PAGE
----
Remarkably, the program files profile not only Didi and Ditto and their antagonist, Zolt, but also most of their large supporting group of cast members. Considering that every character has its own distinct voice and mannerisms, to introduce this amount of detail into the adventure is no small feat. Apart from the characters who host the activities, such as Hootdini, Ouisy, Tiny Turtle, Blue Bear, Hip Hop, Grumpy Bug, and Frank Frog are Venus and her fellow biddies, Couki the dog, hopeless romantic Belinda Bug, and riddle-loving Comedy Ann. Hip Hop, the meadow rabbit, also teaches players about contrasting prepositions like up and down, near and far, and in and out. For the most part, the creatures in Jako's Valley get along with a minimum amount of conflict, and a maximum amount of cooperation.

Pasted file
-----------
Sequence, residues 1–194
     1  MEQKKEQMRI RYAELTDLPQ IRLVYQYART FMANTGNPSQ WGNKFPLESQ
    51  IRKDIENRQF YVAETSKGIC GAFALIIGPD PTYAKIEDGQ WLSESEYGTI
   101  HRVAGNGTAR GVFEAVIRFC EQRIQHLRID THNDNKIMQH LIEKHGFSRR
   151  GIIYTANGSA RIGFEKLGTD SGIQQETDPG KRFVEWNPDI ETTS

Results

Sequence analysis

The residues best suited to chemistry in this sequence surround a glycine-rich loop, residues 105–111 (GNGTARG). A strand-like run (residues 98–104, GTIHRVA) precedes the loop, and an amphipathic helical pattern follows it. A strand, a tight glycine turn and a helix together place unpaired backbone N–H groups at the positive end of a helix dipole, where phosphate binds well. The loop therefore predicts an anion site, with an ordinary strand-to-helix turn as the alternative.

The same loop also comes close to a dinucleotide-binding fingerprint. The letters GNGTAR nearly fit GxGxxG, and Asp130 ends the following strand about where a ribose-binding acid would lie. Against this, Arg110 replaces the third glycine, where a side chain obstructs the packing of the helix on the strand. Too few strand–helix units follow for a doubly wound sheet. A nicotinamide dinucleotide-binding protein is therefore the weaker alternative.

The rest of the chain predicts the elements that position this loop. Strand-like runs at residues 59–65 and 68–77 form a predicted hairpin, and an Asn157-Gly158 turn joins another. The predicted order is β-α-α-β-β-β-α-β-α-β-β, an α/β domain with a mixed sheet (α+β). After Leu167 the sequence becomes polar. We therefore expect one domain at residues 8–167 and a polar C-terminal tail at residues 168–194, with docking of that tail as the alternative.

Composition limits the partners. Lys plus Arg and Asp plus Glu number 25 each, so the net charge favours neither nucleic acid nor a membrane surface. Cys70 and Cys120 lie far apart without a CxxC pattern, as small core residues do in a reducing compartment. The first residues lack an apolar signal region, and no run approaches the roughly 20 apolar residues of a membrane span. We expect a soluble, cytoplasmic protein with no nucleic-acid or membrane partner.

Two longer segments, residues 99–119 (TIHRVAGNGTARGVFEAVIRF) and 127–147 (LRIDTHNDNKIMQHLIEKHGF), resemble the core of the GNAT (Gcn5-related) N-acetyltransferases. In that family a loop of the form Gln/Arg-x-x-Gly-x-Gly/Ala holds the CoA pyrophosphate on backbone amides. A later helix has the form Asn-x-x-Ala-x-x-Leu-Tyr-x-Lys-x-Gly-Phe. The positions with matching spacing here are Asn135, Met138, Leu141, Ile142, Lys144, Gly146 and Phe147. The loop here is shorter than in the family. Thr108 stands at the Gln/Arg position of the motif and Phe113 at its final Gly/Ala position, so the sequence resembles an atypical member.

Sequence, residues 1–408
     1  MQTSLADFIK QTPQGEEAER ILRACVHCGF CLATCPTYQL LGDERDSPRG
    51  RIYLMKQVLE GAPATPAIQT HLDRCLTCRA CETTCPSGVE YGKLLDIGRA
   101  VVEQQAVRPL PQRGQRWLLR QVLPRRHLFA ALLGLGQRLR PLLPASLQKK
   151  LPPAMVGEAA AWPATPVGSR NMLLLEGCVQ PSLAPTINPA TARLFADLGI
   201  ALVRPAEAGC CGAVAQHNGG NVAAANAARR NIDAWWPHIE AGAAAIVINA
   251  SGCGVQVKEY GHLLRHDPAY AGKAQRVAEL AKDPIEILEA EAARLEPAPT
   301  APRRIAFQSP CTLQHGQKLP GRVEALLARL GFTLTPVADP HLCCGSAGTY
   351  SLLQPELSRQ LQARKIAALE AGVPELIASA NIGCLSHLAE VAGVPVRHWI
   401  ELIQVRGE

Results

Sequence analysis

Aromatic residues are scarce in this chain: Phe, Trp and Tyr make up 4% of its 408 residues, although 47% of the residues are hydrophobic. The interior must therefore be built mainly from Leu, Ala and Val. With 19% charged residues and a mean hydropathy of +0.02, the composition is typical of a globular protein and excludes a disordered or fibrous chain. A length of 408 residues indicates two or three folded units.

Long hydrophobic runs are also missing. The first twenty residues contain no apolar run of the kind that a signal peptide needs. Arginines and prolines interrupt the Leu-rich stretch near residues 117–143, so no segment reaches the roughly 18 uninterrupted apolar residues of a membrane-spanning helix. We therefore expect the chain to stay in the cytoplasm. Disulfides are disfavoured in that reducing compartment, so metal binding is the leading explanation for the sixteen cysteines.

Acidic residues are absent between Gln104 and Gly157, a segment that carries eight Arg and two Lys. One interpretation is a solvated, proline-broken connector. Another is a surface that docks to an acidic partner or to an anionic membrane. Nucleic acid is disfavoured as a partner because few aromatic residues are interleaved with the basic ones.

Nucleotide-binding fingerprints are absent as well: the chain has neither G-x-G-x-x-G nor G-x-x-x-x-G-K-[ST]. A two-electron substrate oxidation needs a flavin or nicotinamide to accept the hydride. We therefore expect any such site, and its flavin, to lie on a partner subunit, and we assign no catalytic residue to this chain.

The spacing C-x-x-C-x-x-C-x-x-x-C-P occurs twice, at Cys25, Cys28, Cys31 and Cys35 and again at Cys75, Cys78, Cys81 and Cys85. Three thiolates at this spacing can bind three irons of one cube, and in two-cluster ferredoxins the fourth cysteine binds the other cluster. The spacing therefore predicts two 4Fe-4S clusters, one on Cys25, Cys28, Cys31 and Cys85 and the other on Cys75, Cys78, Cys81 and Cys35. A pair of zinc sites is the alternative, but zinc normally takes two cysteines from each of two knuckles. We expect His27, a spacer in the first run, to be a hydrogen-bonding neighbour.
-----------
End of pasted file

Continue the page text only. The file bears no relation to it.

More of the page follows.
Like the Mia CD-ROMs before it, Didi & Ditto is both Windows and Macintosh compatible, and its installation is quick and hassle-free. One should ensure QuickTime is loaded onto the computer, for it is essential to run the introductory and concluding animations. Once a player is familiar with the game, it is possible for him or her to skip the initial animated sequence by hitting the spacebar. This reviewer recommends saving the current game frequently because then, should the game freeze unexpectedly, players will not have to start all over at the beginning -- especially if they were already near the end. Just a few quick reminders: first, in order for the F1 key to call up the carrying sack and its contents, players may have to depress the F Lock key on their computers; second, players should watch closely where the pointer turns from its purple default color to yellow to detect clickables. Brief delays may occur if a player responds more quickly than the program expected, for example, in correctly placing an item in the carrying sack. All together, whereas an adult can finish a game in approximately one hour, children would probably take longer, depending upon their ability to control the mouse, as well as their ability to stay put for an extended period.